Understanding the Public’s Intentions to Purchase and to Persuade Others to Purchase Antibiotic-Free Meat

Rachel A. Smith, Xun Zhu, Kaitlin Shartle, Lydia Glick, Nkuchia M. M’ikanatha

Research output: Contribution to journalArticlepeer-review

8 Scopus citations


Extending the effectiveness of media-based campaigns into interpersonal networks has been a long concern for studies on persuasive messages, yet there is much to understand about why people attempt to persuade others to engage in health-related behaviors. This study investigated two alternative predictors of interpersonal persuasion: psychosocial determinants of behavior and homophily. We used the integrated model of behavior (IMB) to predict consumers’ intentions to purchase antibiotic-free meat, and extended the model to predict consumers’ intentions to encourage important others to do so. IMB variables predicted 44% of future purchasing intentions and 40% of future persuasion intentions. The findings support a homophily explanation for persuasion: people intend to persuade important others to do what they do. In addition, a person-centered analysis identified three audience segments based on antibiotic-resistance-related behaviors, cognitions, and experiences: Purchasers, Resisters, and New Adopters. The covariate analysis revealed that people who had more topic awareness of antibiotic use in animal husbandry, knowledge of someone with an antibiotic-resistant infection, and health mavenism were more likely to be Purchasers than Resisters or New Adopters. Anxiety, however, was highest among New Adopters and lowest among Resisters. Implications for theory and practice are discussed.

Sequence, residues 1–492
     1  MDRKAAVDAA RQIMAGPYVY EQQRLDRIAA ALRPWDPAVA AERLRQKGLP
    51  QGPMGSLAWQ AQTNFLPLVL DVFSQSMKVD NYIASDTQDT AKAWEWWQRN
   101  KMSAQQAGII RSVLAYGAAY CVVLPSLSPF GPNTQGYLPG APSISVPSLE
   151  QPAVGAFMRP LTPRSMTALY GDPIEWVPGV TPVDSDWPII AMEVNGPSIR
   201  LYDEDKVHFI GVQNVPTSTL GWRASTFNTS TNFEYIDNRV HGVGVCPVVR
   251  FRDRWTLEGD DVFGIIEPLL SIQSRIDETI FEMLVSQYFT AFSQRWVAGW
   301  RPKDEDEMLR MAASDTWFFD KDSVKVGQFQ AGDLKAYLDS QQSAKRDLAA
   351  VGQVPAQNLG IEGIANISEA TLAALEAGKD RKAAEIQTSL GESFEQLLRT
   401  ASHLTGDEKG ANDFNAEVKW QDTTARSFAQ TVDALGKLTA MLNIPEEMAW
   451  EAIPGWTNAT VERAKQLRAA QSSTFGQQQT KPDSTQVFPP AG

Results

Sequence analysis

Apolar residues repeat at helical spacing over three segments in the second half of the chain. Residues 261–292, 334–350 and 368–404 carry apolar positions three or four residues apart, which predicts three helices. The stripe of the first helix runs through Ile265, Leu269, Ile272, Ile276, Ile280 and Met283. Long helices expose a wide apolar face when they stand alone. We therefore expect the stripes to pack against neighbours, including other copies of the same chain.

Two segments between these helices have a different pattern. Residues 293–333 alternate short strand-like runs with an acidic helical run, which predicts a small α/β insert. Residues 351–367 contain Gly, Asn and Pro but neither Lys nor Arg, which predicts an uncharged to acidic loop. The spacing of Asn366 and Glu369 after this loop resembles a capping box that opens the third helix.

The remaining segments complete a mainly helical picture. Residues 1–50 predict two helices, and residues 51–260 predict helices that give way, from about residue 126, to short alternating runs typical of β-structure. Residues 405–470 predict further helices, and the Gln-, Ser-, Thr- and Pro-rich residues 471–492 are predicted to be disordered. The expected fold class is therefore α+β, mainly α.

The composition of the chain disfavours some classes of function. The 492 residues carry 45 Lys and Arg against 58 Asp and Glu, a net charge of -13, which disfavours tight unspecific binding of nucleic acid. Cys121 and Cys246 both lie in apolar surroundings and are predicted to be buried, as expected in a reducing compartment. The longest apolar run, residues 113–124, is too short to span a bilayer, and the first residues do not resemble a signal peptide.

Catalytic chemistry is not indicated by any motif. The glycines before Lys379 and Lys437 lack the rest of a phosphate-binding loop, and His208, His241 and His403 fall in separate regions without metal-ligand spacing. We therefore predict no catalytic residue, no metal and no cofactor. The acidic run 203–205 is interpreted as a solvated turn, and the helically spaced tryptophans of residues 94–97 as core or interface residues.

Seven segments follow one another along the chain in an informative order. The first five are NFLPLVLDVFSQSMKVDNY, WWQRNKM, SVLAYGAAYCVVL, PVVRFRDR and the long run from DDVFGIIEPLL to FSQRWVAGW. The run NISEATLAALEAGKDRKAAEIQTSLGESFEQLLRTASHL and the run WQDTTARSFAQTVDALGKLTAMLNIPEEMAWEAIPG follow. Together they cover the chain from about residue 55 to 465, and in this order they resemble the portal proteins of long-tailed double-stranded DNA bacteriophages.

Original languageEnglish
Pages (from-to)945-953
Number of pages9
JournalHealth Communication
Issue number8
StatePublished - Aug 3 2017

Bibliographical note

Funding Information:
We thank Amanda Applegate for her feedback on an earlier version of this paper. This project was supported by Award P50 DA010075 from the National Institute on Drug Abuse and by the Commonwealth of Pennsylvania and National Antimicrobial Resistance Monitoring System through a cooperative agreement: CDC-RFA-CK14-1401PPHF14. The content is solely the responsibility of the authors and does not necessarily represent the views of the National Institute on Drug Abuse, the National Institutes of Health, the Commonwealth of Pennsylvania, or the National Antimicrobial Resistance Monitoring System.

Publisher Copyright:
© 2016 Taylor & Francis.

ASJC Scopus subject areas

  • Health(social science)
  • Communication


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